Is your growing team in need of more structure? Do you feel like you're too caught up in the little stuff? Or does the small stuff turn real big, real fast? Too often, as owners, we hesitate to give up any sort of control out of fear. The truth is, when you are willing to delegate and bring in support, you free up time to focus on your agency's growth.
In this episode, we'll cover:
Does your team have the tools to succeed? Is it time for your agency to hire an HR person? How transparency builds trust with your team. Do you need to learn how to trust your leadership team? Today I sat down with Ben Askins, owner and managing director of Verb, a full-service agency based out of London. In the six years since Ben has been with the agency, Verb has gone from a project-based structure to a retainer-based model. The agency has subsequently grown from a small team to a team of about 65. Ben's here to discuss how he keeps such a big team motivated and what he's doing now to make sure they feel comfortable about the agency's future.
Does Your Team Have the Tools to Succeed? Any good leader knows, your team is your biggest asset. So it makes sense, if the team is unmotivated or disorganized, you're going to have a problem. Ben says one of the best things his agency did was create an HR department. Here they were able to develop their brand pillars and create incentives to keep their team motivated.
While individual programs like peer-to-peer recognition and limelight awards help build morale, one of the biggest investments has been in manager training. Ben says, no one ever sits down with you and tells you, "this is how to be a manager, this is how you train, and this is how you can increase morale." So, when it comes time for annual reviews, there's a disconnect between what the manager expects and how the employee thinks they are actually doing. Verb devotes half of their training budget for the employee to spend on enrichment programs of their choice and half on what the manager deems necessary. This helps everyone be on the same page and allows for self-improvement and re-investment.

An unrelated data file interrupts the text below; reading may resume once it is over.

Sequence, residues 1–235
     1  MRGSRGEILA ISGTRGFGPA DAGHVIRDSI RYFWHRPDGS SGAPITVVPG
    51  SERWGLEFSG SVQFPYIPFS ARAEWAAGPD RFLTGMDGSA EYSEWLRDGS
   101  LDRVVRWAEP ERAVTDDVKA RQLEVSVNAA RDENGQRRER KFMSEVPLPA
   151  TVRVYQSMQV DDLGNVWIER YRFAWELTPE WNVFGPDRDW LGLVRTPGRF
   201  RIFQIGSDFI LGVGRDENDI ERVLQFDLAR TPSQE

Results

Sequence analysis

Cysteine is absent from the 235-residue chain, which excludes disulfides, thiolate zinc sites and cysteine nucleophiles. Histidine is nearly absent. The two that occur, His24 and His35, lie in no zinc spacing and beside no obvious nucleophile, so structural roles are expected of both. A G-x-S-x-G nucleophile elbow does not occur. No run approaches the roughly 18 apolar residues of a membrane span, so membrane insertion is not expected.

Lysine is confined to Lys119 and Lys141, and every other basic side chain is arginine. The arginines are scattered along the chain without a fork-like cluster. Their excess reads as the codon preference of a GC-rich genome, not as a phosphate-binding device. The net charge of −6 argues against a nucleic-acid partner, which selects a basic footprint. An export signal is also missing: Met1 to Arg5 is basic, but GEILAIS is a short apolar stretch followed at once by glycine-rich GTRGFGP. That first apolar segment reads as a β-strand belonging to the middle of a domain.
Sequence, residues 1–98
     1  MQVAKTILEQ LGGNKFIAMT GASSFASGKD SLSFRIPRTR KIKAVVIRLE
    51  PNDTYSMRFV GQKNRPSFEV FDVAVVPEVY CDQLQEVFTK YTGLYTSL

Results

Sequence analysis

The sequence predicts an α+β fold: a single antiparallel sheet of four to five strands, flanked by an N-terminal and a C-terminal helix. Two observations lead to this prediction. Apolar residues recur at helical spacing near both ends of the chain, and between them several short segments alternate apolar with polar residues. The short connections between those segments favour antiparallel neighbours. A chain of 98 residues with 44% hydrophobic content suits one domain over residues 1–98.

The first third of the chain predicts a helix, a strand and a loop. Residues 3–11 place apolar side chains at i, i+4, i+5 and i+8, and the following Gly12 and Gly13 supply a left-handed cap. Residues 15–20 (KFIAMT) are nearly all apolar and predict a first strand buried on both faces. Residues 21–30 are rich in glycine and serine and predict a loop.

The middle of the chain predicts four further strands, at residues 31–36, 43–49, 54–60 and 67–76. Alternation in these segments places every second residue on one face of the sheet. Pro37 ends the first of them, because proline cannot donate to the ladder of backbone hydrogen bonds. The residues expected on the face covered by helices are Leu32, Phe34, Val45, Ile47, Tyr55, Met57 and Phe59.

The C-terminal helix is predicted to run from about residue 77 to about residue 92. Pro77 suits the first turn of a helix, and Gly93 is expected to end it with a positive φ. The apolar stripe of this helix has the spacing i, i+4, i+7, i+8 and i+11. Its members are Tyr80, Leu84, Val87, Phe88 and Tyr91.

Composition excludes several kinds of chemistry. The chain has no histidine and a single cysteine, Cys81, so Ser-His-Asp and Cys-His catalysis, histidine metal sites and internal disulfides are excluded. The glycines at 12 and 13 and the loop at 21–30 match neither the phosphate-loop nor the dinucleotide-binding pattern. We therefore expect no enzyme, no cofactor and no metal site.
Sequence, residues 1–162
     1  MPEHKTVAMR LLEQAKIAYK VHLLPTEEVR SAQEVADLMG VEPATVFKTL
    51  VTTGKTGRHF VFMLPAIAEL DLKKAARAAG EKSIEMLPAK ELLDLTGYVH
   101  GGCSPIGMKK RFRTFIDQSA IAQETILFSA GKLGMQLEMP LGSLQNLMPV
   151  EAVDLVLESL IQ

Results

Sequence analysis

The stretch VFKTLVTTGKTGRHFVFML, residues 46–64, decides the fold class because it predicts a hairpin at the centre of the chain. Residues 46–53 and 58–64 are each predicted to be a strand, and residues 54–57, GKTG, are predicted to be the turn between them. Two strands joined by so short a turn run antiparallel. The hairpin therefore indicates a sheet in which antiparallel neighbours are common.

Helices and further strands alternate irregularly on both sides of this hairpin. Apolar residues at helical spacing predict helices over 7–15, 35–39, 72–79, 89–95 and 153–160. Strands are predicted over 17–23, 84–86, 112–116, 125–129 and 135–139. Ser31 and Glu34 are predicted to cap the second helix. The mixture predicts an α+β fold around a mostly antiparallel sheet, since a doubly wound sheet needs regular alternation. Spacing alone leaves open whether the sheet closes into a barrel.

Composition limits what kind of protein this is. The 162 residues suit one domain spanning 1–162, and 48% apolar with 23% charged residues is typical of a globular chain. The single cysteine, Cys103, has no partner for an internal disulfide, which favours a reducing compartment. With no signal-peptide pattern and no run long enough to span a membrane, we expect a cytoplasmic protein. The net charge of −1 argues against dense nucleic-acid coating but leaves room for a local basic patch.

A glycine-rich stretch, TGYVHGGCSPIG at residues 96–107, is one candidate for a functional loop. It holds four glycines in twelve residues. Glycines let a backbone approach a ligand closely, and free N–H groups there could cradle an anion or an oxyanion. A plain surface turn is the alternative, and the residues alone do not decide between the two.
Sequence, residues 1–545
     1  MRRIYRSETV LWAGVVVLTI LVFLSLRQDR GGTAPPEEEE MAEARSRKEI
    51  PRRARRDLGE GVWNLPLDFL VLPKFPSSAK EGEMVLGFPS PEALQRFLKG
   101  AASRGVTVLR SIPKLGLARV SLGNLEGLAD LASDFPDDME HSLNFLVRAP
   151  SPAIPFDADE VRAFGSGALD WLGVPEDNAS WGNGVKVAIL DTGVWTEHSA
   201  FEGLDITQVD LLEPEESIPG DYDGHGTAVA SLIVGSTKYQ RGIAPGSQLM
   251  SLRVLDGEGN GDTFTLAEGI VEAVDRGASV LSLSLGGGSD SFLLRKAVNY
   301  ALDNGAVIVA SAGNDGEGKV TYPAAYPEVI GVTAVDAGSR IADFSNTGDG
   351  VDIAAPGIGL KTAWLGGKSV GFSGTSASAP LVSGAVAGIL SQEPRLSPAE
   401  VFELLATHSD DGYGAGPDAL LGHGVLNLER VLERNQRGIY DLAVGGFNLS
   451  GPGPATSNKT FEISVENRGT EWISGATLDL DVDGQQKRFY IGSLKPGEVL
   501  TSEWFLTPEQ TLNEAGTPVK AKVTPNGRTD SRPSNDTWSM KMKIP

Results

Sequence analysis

Is it Time for Your Agency to Hire an HR Person? Not enough agency owners recognize the value of a strong human resources presence. While we often look at HR professionals as paper pushers who deal with insurance and employee discipline, HR is actually a vital part of any organization.
Think about it this way, as an agency owner or CEO, you may have two, three, or even four layers between you and your lowest level employee. This makes it hard to know what's going on in your agency. Something may start as a minor problem, but by the time it gets to you, it's too late. The purpose of HR is to sort out these problems and identify them before they become something bigger.
So when is the right time to bring in HR? Ben says if he could do it all again, he'd bring on HR as soon as there was more than one layer of seniority away from the team.
How Transparency Builds Trust With Your Team Like so many other agencies and businesses right now, Verb has furloughed several members of its team. And while this is never easy, Ben says one of the things that has really helped is transparency. Everyone at the agency has complete access to the business financials.
At a time like this, there is no benefit to hiding information. Your team needs to make decisions just as much as you do, so knowing a layoff may be coming can help them prepare. The same goes when you hire people back on. When you support your decisions with margins, your managers can better understand your decisions and what benchmarks they have to meet. Margins become less arbitrary, allowing your managers to appreciate these guidelines are designed to promote agency growth, not pad profits.
Do You Need to Learn to Trust Your Leadership Team? Bringing in HR and being transparent only go so far